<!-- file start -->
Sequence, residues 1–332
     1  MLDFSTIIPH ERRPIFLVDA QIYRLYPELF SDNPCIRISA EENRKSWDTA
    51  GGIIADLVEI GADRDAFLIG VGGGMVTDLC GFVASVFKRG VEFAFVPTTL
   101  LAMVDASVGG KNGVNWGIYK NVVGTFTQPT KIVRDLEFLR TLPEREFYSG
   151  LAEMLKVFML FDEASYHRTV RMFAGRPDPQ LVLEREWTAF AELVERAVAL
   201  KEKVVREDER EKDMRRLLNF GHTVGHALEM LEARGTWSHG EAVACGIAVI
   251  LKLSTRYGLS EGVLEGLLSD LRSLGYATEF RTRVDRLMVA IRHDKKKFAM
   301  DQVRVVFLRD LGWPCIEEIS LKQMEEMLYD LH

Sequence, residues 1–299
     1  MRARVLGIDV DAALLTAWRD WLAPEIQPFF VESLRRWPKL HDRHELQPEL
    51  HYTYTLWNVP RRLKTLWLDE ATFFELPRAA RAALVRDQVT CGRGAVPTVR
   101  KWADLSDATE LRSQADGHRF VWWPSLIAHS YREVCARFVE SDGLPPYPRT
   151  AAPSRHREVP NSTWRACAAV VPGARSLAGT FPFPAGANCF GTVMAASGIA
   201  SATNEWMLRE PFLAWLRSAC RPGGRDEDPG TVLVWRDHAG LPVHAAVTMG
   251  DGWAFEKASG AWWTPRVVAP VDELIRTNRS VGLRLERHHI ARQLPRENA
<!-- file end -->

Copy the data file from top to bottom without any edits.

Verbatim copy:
Sequence, residues 1–332
     1  MLDFSTIIPH ERRPIFLVDA QIYRLYPELF SDNPCIRISA EENRKSWDTA
    51  GGIIADLVEI GADRDAFLIG VGGGMVTDLC GFVASVFKRG VEFAFVPTTL
   101  LAMVDASVGG KNGVNWGIYK NVVGTFTQPT KIVRDLEFLR TLPEREFYSG
   151  LAEMLKVFML FDEASYHRTV RMFAGRPDPQ LVLEREWTAF AELVERAVAL
   201  KEKVVREDER EKDMRRLLNF GHTVGHALEM LEARGTWSHG EAVACGIAVI
   251  LKLSTRYGLS EGVLEGLLSD LRSLGYATEF RTRVDRLMVA IRHDKKKFAM
   301  DQVRVVFLRD LGWPCIEEIS LKQMEEMLYD LH

Sequence, residues 1–299
     1  MRARVLGIDV DAALLTAWRD WLAPEIQPFF VESLRRWPKL HDRHELQPEL
    51  HYTYTLWNVP RRLKTLWLDE ATFFELPRAA RAALVRDQVT CGRGAVPTVR
   101  KWADLSDATE LRSQADGHRF VWWPSLIAHS YREVCARFVE SDGLPPYPRT
   151  AAPSRHREVP NSTWRACAAV VPGARSLAGT FPFPAGANCF GTVMAASGIA
   201  SATNEWMLRE PFLAWLRSAC RPGGRDEDPG TVLVWRDHAG LPVHAAVTMG
   251  DGWAFEKASG AWWTPRVVAP VDELIRTNRS VGLRLERHHI ARQLPRENA